Estimated costs to set up its own ERP system: Database server Application server PCs Computer maintenance Licensing rights Installation User training Ongoing consulting Network and database administrator Concepts in Enterprise Resource Planning, Fourth Edition

37 Option 2: Using an SaaS Provider to Deliver ERP Software
Estimated costs for using an SaaS provider to deliver ERP software: PCs Computer maintenance Software through the SaaS provider User training Concepts in Enterprise Resource Planning, Fourth Edition

38 Calculate the NPV and Make a Recommendation
You will set up a spreadsheet to total all the costs of each option In each scenario, you must deal with the net present value (NPV) of money NPV A way to figure out whether an investment is profitable In this case, to compare outlay of funds from one method to another Addresses the time value of money Concepts in Enterprise Resource Planning, Fourth Edition

39 Calculate the NPV and Make a Recommendation (cont’d.)
When calculating two different investment options, NPV calculation allows: Different future expenses or earnings to be calculated as an equivalent amount in the present time NPV can be calculated over a number of years In example: we need a five-year outlay of funds for the ERP project Concepts in Enterprise Resource Planning, Fourth Edition

40 Calculate the NPV and Make a Recommendation (cont’d.)
In an Excel spreadsheet, the syntax of NPV calculation: =NPV (hurdle rate percentage, range of values) Values in range can be positive or negative numbers Hurdle rate Rate of discount over the period Minimum acceptable rate of return on a project that a company will accept Concepts in Enterprise Resource Planning, Fourth Edition

41 Figure 8-8 Cost comparisons: buying versus SaaS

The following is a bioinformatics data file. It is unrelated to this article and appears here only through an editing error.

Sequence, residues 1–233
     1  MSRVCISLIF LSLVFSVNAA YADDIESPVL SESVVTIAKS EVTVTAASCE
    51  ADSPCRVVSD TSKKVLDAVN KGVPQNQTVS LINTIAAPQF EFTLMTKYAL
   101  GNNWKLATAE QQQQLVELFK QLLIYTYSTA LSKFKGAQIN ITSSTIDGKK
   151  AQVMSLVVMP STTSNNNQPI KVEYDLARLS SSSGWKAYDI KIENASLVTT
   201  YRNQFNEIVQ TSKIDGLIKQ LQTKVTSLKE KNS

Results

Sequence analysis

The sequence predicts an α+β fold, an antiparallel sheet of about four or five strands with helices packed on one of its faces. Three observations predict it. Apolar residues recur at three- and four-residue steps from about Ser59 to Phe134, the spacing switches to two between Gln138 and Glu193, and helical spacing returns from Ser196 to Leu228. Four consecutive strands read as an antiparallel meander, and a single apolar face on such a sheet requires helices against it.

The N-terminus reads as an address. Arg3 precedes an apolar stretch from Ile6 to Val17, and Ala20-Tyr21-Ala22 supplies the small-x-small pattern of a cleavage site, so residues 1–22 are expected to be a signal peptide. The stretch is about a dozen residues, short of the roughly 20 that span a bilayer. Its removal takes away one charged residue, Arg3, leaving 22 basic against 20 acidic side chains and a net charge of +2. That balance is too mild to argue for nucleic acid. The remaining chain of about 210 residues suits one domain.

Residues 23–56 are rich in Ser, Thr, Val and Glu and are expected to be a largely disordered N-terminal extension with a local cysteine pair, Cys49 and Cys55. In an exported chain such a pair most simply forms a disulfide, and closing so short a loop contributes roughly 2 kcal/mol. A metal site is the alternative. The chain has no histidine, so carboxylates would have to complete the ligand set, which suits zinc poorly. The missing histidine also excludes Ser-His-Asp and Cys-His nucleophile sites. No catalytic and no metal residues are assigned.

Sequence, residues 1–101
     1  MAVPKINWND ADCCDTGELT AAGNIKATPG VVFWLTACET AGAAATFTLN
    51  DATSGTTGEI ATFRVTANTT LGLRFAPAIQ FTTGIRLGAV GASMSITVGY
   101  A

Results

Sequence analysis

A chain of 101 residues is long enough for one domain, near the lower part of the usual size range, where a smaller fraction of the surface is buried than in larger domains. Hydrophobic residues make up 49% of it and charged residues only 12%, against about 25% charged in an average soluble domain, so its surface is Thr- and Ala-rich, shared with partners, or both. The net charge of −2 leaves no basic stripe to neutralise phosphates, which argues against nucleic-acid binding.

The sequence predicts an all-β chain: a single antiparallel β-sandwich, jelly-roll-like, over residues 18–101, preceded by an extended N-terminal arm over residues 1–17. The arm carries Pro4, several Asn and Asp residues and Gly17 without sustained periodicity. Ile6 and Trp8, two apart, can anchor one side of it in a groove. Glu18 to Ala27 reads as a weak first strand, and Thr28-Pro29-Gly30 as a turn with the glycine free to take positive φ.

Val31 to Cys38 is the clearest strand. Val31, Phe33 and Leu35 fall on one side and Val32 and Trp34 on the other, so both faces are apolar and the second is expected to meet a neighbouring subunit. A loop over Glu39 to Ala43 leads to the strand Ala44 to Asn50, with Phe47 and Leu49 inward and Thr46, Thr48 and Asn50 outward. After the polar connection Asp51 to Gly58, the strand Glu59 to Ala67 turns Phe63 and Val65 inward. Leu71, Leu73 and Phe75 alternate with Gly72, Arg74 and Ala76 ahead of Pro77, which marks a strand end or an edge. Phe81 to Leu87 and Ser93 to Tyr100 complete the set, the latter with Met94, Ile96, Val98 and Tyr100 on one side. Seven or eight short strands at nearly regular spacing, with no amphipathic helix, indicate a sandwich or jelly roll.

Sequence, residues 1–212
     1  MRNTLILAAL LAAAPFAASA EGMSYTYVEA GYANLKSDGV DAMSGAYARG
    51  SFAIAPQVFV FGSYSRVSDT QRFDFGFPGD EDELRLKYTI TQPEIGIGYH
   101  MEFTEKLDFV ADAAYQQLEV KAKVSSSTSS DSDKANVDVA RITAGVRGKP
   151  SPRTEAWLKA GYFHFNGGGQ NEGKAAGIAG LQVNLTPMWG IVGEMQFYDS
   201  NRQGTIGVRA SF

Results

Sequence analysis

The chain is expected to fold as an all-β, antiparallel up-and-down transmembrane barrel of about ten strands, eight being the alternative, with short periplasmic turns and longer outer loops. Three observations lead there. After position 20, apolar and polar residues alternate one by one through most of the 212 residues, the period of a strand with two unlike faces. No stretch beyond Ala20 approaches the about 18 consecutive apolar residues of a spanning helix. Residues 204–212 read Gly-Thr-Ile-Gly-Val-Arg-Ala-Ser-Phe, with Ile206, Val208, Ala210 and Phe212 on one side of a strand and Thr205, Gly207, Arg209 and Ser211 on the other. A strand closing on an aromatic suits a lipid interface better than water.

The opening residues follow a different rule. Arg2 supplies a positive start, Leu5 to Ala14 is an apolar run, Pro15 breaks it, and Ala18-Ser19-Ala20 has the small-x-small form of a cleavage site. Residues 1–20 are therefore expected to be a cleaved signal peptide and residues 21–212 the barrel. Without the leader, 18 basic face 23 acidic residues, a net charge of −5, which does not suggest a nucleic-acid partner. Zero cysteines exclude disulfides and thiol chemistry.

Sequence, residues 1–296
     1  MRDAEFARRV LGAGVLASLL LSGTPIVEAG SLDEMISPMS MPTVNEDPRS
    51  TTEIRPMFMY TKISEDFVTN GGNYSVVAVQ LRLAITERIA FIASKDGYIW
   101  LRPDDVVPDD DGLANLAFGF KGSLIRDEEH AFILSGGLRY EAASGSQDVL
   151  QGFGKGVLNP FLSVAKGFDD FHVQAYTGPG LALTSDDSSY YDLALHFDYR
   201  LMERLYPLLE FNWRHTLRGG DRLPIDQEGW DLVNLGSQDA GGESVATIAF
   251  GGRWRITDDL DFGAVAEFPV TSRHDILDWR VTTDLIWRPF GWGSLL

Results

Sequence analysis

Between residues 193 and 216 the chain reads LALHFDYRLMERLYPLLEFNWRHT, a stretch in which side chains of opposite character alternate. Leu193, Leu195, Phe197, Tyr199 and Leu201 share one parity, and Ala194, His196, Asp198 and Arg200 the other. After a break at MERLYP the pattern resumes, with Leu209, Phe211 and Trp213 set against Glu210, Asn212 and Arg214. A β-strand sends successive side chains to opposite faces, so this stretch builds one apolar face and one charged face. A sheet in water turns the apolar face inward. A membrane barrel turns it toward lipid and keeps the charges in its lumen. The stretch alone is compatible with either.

Concepts in Enterprise Resource Planning, Fourth Edition

42 Calculate the NPV and Make a Recommendation (cont’d.)
Perform the following steps: Calculate the cost of the two methods of implementing an ERP system for five years Consider using different hurdle rates for each option Why might varying hurdle rates be applicable for this decision? Write a memo, with your spreadsheet attached, to the CIO Answer this question: Which method should Fitter choose, and why? Concepts in Enterprise Resource Planning, Fourth Edition

43 Summary Technologies such as radio frequency identification (RFID) and smartphones are fueling explosive growth in the amount of data available for businesses to process Business intelligence (BI) tools are growing in sophistication and power Technologies such as in-memory computing will provide greater speed and flexibility to BI users Mobile computing technology is increasing the use of ERP and BI data Concepts in Enterprise Resource Planning, Fourth Edition

44 Summary (cont’d.) Cloud computing is the delivery of a software product to a user via the Internet Web services and service-oriented architecture offer a combination of software tools that enables various programs within an organization to communicate with other applications SAP’s Web services platform is NetWeaver A collection of components that support business transactions over the Internet by providing seamless connectivity of diverse applications through the Internet Concepts in Enterprise Resource Planning, Fourth Edition

45 Summary (cont’d.) Software as a service (SaaS) is a software delivery model in which a software product is hosted by a company—such as SAP—on its servers and is accessed by customers via a Web browser SaaS model allows companies to use ERP without a large initial investment SaaS solutions allow for more rapid improvements in the software through user communities There are some risks associated with using an SaaS provider Concepts in Enterprise Resource Planning, Fourth Edition